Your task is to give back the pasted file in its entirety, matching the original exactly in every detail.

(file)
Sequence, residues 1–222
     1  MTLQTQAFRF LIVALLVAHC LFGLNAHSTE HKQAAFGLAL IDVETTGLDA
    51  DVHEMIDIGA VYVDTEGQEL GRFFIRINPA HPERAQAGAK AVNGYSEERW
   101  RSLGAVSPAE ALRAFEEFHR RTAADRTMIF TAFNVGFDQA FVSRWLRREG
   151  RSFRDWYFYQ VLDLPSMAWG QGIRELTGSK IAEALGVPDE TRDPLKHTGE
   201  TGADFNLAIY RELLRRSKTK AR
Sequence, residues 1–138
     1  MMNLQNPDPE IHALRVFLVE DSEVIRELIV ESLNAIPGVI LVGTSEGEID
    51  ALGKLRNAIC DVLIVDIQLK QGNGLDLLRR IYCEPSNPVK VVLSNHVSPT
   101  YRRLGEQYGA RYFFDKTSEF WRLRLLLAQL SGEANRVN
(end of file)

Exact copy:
Sequence, residues 1–222
     1  MTLQTQAFRF LIVALLVAHC LFGLNAHSTE HKQAAFGLAL IDVETTGLDA
    51  DVHEMIDIGA VYVDTEGQEL GRFFIRINPA HPERAQAGAK AVNGYSEERW
   101  RSLGAVSPAE ALRAFEEFHR RTAADRTMIF TAFNVGFDQA FVSRWLRREG
   151  RSFRDWYFYQ VLDLPSMAWG QGIRELTGSK IAEALGVPDE TRDPLKHTGE
   201  TGADFNLAIY RELLRRSKTK AR
Sequence, residues 1–138
     1  MMNLQNPDPE IHALRVFLVE DSEVIRELIV ESLNAIPGVI LVGTSEGEID
    51  ALGKLRNAIC DVLIVDIQLK QGNGLDLLRR IYCEPSNPVK VVLSNHVSPT
   101  YRRLGEQYGA RYFFDKTSEF WRLRLLLAQL SGEANRVN